Denis Villeneuve’s Dune is a self-fulfilling prophecy that undoes itself in the telling, an ouroboros regurgitating its own tail rather than eating it.
For the first time, Paul Thomas Anderson has produced a film distinguished not merely by his characteristic fascination with the world but by a deep love for it.
The Green Knight seeks not simply to retell or reimagine the poem’s story, but to interrogate or cross-examine the poem itself: to cast a shadow of postmodern skepticism over the original telling, and indeed all of Arthuriana.
Crafted as though from everyday observation and fantastic dream, About Endlessness marries the magical and mercurial, the simple and surreal.
It would be natural to assume it’s impossible to recreate Harold Pinter’s effects on-screen. What cinematic setting could ever replicate the feeling of an ordinary space that simultaneously exists in a howling metaphysical void?
Once Upon a Time...in Hollywood, a melancholy elegy with a fairy tale at its core, is a work of surprises, from an unconventional structure to stylistic flourishes to a cartoonishly outrageous denouement.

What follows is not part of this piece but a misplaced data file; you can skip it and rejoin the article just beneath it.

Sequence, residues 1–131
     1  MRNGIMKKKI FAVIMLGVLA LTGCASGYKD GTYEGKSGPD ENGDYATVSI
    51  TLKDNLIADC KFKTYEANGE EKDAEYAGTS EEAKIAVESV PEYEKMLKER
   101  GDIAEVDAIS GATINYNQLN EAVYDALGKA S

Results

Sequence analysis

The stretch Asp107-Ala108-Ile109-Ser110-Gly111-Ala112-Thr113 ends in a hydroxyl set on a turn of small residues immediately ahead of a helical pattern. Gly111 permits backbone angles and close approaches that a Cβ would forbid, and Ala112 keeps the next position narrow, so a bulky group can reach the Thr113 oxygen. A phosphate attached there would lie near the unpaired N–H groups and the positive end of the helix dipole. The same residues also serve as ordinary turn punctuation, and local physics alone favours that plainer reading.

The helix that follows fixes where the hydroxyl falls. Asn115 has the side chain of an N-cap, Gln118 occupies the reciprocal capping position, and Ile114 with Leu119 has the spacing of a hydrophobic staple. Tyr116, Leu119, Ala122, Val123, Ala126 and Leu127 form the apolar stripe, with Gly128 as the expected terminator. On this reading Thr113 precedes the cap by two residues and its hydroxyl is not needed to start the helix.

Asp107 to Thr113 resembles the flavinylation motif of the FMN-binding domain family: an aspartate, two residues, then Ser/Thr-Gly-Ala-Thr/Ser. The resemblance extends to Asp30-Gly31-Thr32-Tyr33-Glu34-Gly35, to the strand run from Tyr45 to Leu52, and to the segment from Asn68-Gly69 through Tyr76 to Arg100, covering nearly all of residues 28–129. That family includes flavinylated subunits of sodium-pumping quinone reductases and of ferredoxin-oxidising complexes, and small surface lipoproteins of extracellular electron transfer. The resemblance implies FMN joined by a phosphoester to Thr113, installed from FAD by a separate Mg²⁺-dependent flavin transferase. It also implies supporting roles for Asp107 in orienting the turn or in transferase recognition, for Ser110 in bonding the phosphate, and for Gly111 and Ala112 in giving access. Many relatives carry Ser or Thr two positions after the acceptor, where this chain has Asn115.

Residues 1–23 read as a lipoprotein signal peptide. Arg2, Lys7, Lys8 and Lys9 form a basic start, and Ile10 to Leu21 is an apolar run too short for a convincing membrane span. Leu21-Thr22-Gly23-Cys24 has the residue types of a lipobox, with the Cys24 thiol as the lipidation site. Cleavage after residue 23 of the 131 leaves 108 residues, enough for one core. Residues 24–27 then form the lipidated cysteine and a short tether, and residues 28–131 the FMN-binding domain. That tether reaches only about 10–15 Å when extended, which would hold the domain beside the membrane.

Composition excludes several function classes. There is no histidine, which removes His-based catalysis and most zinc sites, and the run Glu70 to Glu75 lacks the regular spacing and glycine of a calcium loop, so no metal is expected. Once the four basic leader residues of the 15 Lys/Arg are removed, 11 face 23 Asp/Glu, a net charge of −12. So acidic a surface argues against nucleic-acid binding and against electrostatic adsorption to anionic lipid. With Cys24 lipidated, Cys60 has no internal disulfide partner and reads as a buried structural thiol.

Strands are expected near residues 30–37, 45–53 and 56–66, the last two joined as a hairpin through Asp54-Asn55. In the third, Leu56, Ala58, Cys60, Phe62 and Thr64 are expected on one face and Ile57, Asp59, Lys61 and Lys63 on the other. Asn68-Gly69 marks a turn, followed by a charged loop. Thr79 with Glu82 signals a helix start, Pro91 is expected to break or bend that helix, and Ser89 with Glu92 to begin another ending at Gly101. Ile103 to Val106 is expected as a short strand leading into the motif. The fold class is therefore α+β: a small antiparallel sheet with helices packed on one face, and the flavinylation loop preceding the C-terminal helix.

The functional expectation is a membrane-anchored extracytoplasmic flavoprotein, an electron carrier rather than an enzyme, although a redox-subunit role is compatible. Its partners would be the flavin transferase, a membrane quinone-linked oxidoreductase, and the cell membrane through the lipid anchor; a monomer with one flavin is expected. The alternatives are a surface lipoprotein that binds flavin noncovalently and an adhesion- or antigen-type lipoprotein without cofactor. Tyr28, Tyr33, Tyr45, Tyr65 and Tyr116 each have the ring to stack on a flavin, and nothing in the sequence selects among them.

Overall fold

On the twisted war of influence in Yorgos Lanthimos' The Favourite.
Here is what happens when you let the darkness win.
It's hard to watch Annihilation in a Chicago winter and not feel it on a molecular level.
The Finnish auteur’s latest comedy charts the interwoven experiences of two men from drastically different backgrounds, each looking to improve their lots in life.
Good Time is an itch, a nagging. I want to let it go, but I, too, have been prone to spiral.
Not all movies are cinema; The Holiday is certainly not cinema—but it is upbeat and kind and romantic and Jude Law is just, like, extremely hot here.